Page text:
The relationship between grantee institutions and the federal government, a familiar concern apropos alleged misconduct in research, ramifies along conceptual, sequential, organizational, and other lines. It is argued in this essay that the appropriate federal interest in penalizing untruthfulness is the avoidance of future waste. Ineligibility for grants may be justified as an anticipation that one who resorts to untruthfulness betrays lack of distinction, a divergence from a consensus about what is permissible in research, or both, and that these features will be a fatal selective disadvantage in competition for grants. Sequential responsibility-institutions first, government second-characterizes the enforcement system that leads to government determinations of ineligibility. Not as clear is the government's blending of investigation and adjudication, a circumstance that renders more important the availability of hearing rights, not their curtailment. For institutions, confusion may arise whether to adopt more strict proscriptions of misconduct than the government standard that they must enforce. Institutional standards surpass the mere avoidance of wrong. Nonetheless it is argued that a more strict definition of “misconduct” would be imprudent. The federal government may proscribe misrepresentation, plagiarism and misuse of others' ideas, and damage to tangible property used in research; there is then no obvious other conduct to be proscribed. To proscribe other conduct could create a standard for science faculty that does not apply to others and would install a punitive system when mechanisms already obtain for evaluation. The logic is different for research practice rules. These are not intellectually profound, but they sensibly address subjects such as data recordation, data retention, and authorship. It would be incongruous for these to be incorporated by reference into a vague federal concept of “misconduct,” a point that tells against any imprecision in the latter. But practice rules may symbolize commitment to high standards of truthfulness and obviate some specific practices that occasion untruthfulness.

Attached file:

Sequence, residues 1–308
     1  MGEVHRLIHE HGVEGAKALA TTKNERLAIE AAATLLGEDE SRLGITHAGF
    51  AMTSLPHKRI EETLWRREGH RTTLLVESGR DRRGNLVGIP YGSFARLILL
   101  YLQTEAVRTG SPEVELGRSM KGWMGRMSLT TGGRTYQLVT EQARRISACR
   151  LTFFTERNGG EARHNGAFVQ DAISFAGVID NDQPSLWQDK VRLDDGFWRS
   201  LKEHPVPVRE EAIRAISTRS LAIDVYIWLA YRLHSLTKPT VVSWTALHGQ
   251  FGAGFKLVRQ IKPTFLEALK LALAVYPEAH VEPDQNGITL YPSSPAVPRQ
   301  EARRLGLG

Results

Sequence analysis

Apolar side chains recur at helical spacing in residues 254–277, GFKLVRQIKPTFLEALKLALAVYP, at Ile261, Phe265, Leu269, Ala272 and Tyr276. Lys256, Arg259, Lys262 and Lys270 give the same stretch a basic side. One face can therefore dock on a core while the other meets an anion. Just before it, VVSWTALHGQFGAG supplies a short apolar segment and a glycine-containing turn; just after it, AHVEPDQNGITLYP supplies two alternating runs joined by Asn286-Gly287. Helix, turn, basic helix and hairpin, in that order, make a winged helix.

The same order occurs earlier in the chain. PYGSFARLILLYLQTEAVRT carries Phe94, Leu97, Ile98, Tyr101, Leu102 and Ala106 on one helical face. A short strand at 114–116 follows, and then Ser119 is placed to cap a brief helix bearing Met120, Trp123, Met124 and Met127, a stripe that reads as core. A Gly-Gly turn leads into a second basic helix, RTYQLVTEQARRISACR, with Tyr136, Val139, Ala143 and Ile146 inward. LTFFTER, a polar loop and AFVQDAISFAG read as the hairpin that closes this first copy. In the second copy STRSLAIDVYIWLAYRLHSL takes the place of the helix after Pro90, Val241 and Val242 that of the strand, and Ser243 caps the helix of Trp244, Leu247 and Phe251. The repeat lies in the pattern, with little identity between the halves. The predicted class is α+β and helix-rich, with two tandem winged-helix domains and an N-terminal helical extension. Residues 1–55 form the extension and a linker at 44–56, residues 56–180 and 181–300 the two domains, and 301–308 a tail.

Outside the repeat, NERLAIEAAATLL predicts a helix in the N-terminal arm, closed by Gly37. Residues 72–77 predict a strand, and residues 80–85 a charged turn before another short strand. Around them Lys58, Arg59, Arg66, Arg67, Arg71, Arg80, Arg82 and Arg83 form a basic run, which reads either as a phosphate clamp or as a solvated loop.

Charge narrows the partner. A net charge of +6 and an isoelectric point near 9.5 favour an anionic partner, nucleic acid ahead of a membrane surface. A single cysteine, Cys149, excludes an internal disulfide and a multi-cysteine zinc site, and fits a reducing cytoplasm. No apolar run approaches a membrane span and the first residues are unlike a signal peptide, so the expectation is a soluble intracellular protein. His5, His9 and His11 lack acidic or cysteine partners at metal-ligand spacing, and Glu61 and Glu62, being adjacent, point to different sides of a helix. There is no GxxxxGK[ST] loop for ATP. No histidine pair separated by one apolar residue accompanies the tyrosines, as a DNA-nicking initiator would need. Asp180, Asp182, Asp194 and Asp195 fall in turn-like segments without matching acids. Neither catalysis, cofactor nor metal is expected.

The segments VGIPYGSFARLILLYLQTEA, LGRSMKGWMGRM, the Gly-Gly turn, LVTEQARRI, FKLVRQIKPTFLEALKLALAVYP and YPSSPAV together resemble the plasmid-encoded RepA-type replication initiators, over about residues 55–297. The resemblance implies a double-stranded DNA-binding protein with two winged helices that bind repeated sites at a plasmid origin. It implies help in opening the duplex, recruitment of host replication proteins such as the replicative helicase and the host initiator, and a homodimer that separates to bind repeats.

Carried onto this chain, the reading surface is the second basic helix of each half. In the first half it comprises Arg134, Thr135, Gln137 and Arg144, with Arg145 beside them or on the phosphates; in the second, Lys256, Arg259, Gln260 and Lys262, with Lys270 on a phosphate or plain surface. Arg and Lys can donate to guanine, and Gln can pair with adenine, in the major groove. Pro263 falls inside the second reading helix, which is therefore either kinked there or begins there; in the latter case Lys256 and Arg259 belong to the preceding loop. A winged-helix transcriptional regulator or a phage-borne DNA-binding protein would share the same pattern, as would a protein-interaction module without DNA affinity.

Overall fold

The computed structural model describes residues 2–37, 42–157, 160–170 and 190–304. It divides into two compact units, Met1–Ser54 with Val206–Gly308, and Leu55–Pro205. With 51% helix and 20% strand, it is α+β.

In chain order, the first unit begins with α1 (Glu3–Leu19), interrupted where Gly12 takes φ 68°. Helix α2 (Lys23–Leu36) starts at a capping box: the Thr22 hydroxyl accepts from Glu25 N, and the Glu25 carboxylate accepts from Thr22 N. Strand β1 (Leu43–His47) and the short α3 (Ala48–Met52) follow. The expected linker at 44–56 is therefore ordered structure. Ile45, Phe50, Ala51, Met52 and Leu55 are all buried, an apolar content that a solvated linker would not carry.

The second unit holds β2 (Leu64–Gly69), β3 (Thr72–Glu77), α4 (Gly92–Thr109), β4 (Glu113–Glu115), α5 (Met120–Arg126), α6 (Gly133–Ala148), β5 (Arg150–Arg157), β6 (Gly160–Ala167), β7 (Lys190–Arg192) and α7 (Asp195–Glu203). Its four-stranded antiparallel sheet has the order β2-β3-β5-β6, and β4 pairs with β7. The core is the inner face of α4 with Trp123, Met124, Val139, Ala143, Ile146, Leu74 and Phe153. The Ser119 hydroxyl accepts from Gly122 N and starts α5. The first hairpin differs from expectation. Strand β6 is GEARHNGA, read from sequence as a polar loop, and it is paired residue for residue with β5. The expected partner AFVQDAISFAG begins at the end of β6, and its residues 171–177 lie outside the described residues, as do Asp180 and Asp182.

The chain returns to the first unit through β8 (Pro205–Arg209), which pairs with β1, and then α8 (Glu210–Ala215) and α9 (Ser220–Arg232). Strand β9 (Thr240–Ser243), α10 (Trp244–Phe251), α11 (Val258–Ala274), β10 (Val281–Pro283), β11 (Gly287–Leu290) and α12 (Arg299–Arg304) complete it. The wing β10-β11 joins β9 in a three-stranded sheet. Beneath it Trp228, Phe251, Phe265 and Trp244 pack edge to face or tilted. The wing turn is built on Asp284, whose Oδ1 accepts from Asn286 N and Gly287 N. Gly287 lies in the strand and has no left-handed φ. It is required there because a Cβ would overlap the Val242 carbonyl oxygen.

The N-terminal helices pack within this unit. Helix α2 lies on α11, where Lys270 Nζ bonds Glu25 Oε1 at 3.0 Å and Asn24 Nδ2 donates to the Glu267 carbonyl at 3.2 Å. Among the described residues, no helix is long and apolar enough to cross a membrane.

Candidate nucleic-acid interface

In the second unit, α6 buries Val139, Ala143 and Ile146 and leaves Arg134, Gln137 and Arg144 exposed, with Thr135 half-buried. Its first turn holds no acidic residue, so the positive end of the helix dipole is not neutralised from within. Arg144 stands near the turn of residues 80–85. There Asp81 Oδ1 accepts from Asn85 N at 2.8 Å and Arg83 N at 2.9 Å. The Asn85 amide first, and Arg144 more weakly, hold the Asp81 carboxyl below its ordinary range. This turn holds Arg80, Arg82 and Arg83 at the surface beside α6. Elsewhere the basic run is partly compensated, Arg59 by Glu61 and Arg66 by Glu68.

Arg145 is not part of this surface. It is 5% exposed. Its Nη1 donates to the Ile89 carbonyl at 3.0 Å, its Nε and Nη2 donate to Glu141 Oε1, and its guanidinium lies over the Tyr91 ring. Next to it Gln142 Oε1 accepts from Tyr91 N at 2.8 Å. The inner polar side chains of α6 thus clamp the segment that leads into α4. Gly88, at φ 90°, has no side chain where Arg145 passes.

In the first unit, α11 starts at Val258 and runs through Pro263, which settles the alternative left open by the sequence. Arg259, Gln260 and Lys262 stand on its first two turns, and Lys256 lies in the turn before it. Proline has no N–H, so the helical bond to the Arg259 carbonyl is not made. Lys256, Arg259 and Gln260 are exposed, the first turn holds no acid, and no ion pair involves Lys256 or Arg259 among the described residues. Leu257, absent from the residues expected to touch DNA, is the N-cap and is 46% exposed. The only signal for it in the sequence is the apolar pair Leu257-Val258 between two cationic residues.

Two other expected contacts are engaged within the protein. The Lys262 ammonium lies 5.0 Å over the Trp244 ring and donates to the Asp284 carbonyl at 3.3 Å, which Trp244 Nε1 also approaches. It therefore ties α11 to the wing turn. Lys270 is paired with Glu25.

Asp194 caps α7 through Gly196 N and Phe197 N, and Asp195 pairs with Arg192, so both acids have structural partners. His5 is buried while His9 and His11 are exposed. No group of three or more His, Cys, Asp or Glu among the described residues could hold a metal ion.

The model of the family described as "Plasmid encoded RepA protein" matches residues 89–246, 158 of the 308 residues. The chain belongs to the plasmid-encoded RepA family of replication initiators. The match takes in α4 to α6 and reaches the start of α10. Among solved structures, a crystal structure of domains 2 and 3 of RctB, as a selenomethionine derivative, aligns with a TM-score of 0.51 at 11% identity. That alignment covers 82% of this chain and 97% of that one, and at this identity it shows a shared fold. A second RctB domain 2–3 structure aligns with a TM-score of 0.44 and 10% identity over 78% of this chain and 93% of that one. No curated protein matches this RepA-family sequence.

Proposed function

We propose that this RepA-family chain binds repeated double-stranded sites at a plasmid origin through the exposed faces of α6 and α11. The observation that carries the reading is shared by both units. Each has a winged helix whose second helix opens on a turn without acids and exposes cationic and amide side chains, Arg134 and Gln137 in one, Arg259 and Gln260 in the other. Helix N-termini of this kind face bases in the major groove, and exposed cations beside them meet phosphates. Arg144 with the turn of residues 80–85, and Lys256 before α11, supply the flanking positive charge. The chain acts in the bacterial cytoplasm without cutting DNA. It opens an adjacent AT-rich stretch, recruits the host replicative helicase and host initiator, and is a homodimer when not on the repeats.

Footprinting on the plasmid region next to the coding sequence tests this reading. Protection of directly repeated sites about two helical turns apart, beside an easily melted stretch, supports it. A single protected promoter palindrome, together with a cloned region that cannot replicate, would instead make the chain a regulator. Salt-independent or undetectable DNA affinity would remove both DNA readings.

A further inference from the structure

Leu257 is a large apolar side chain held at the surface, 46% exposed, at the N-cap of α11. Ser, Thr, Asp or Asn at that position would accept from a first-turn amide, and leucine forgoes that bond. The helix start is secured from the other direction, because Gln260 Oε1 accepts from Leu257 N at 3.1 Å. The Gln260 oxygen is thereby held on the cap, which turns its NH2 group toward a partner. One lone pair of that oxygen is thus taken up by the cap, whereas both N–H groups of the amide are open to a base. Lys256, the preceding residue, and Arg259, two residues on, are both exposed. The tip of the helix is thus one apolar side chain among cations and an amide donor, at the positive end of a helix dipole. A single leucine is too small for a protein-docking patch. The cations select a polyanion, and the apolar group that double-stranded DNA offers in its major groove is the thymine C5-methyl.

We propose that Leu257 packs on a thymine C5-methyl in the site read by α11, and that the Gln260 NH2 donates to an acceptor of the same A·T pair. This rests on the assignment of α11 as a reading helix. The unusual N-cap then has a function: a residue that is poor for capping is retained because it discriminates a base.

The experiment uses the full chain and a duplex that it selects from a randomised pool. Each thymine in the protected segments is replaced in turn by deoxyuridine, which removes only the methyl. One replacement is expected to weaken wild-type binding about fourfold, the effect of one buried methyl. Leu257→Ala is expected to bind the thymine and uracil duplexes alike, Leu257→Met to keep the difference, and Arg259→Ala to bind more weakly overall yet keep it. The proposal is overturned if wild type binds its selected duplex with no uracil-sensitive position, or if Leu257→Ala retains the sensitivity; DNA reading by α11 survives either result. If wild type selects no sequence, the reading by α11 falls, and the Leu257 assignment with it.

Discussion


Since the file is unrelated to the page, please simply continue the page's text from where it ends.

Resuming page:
Created Date: 07 May 1997; Completed Date: 07 May 1997; Revised Date: 28 November 2001
© 1996 Association of American Medical Colleges